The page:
Why White Men Get Shot by Cops
Yesterday, a man attacked a theater, dousing moviegoers with pepper spray and assaulting one person with a hatchet. The victim survived with a minor injury, but when SWAT officers showed up, the attacker went after them with a pistol and was killed. It turned out the gun, while it looked realistic, was an Airsoft model. It's a toy designed to shoot soft pellets at other people for fun.
The man has been identified as a white male with a history of serious mental illness. His name was Vincente David Montano. The first and last names are often Spanish (they can also be Italian), so he may be classifiable as Hispanic or Latino as well, depending on where his ancestors actually came from and how broadly the terms are defined.
This case may hold the key to a statistical pattern I've been pointing out for nearly a year now: Once one adjusts for murder rates, a good proxy for the most serious violent crime, whites are actually more likely to be shot by police than blacks are. The same is true if you instead adjust for rates of cop-killing. Blacks, while just 13 percent of the general population, are about 25-30 percent of those shot by police, half of murderers, and 40-45 percent of cop killers. The sociologist and former police officer Peter Moskos has noticed the same thing, as has my former National Review colleague David French.
"Suicide-by-cop," and mental illness more generally, might be a missing piece of the puzzle. Over the past decade and a half, the CDC's WONDER database puts overall suicide rates at 14.5 per 100,000 for non-Hispanic whites, 5.1 for Hispanics, and 5.2 for blacks; for serious mental illness, government survey data put rates at 4.2 percent for whites, 4.4 percent for Hispanics, and 3.4 percent for blacks. (The mental-illness survey tries to measure illness directly; it doesn't just ask about previous diagnoses.) To some degree, police-shooting numbers might reflect these disparities — with a skew toward whites and, for mental illness but not suicide, Hispanics — rather than rates of violent crime.
This is a hard theory to test more directly. We don't even know what percentage of police shootings are suicide-by-cop incidents. There are some obvious tells, such as when a suspect menaces cops with a fake gun, but in other cases suspects actually discharge weapons in officers' direction and researchers need to make an educated guess as to what the intent was. Yesterday's incident illustrates another difficulty as well — his final act was suicide, but he plainly also had the intention to harm others, seeing as he attacked someone with a hatchet. Estimates range from 10 percent to more than one-third of all police shootings' being suicides.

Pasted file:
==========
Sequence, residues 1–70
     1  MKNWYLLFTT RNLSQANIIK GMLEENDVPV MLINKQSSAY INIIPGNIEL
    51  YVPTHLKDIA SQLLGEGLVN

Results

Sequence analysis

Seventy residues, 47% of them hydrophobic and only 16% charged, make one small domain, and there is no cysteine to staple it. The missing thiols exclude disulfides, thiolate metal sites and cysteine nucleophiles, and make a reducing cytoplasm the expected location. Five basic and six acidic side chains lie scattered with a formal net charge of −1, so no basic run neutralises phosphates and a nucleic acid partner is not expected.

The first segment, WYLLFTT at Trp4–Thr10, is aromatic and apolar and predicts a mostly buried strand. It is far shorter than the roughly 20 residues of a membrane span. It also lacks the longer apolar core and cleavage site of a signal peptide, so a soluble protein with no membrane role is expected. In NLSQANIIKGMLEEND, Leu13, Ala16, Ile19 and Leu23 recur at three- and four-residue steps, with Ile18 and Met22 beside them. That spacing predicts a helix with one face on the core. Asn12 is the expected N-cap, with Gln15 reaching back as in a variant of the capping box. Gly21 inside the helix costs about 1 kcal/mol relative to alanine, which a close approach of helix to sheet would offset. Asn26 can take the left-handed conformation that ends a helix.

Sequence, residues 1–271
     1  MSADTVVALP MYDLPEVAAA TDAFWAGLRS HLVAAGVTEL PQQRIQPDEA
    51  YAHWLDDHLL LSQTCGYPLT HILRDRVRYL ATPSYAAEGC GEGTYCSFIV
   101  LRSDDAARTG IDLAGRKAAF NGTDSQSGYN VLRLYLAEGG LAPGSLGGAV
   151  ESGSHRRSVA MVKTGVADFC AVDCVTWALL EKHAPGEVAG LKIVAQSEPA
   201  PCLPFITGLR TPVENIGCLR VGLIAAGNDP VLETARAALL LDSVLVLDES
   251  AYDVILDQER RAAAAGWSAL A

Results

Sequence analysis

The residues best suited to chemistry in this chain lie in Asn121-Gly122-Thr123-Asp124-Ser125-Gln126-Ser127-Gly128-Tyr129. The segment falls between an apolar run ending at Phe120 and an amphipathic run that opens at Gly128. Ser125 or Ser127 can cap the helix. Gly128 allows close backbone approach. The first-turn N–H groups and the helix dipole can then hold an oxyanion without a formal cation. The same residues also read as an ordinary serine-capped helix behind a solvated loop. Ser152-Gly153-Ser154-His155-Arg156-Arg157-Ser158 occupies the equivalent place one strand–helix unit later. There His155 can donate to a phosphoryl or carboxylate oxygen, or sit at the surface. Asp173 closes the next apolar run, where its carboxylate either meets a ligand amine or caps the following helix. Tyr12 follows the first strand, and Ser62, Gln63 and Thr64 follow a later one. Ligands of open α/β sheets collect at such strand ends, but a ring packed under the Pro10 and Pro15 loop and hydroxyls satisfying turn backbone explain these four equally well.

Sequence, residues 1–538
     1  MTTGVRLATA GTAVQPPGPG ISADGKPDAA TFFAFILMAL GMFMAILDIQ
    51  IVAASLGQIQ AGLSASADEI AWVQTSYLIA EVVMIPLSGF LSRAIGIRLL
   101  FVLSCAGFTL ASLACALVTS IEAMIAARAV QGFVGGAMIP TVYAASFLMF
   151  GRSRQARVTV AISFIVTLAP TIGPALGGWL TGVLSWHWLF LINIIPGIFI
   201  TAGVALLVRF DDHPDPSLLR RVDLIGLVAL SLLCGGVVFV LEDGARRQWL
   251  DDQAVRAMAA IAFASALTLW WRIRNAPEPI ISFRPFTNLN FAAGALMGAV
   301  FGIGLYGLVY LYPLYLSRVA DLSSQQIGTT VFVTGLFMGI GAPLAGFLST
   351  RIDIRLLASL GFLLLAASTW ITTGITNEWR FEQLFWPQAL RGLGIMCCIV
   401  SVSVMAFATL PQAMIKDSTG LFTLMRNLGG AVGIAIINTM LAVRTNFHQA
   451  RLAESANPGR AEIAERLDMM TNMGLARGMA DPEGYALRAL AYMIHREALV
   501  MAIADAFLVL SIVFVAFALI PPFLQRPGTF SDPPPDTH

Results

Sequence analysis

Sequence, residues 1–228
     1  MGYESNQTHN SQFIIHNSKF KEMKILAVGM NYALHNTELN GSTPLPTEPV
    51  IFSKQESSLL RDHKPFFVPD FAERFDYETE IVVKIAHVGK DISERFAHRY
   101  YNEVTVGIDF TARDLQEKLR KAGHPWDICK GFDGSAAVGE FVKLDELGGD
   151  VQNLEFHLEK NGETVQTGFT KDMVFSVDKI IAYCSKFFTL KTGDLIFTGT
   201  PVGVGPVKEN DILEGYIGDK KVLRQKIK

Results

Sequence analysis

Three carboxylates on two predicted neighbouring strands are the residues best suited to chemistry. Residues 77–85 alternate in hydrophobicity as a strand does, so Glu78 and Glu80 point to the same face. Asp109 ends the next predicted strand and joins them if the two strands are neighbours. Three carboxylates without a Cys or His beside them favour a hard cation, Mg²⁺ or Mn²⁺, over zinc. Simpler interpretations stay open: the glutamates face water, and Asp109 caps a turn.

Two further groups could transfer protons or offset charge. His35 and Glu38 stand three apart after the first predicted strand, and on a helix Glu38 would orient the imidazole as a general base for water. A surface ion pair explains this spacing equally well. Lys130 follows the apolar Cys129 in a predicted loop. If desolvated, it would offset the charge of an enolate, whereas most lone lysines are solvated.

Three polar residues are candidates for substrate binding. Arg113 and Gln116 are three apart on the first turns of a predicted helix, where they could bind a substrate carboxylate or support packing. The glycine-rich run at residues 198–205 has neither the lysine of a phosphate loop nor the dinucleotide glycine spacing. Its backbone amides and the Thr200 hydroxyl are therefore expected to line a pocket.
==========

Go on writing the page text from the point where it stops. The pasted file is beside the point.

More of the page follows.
Good racial breakdowns of these incidents are hard to come by. Many suicide-by-cop studies focus on a single state or police department. And then there are efforts like the 2009 study that generated the "more than one-third" estimate cited above, which had a big and diverse sample ... that the authors conceded was "nonrandom." For what it's worth, in cases where the race was known, 18 percent of suicides-by-cop involved blacks, 46 percent whites, and 29 percent Hispanics. The figures for whites and Hispanics seem particularly implausible as national estimates.
The Washington Post has some helpful new numbers, though. Reporters are tracking every police killing in the country this year, and while they don't explicitly classify cases as suicide-by-cop, they do keep track of whether the person had a known history of mental illness. So far, about a third of whites killed by police did (93 of 287), compared with only about a sixth of blacks (23 of 143) and a fifth of Hispanics (19 of 91). The black-white gap in particular is substantial, though perhaps mental illness is more likely to go undiagnosed, or unnoted in police and media reports, among minorities.
The reporters are also tracking whether people were shot holding "toy" guns. (I've placed "toy" in quotation marks because they include BB and pellet guns; these are not lethal, usually, but unlike Airsoft guns they are not toys.) These cases aren't always suicide-by-cop — see Tamir Rice and John Crawford III, both black — and there aren't enough of them in the Post's data to say anything with confidence. But the early numbers are also consistent with the theory: 5 percent of whites (14 people), 3 percent of Hispanics (3 people), and 2 percent of blacks (3 people) were holding these guns.
I think the above amounts to a strong circumstantial case. And either way, this topic deserves a lot more study: If we're going to give police-shooting statistics more scrutiny — and we should — we need to find the correct baseline to compare them against. Racially, violent-crime rates skew one way, while suicide and mental-illness rates skew in the opposite direction. This makes it hard to tell whether police-shooting disparities reflect officers' bias or something else entirely.
Robert VerBruggen is editor of RealClearPolicy. Twitter: @RAVerBruggen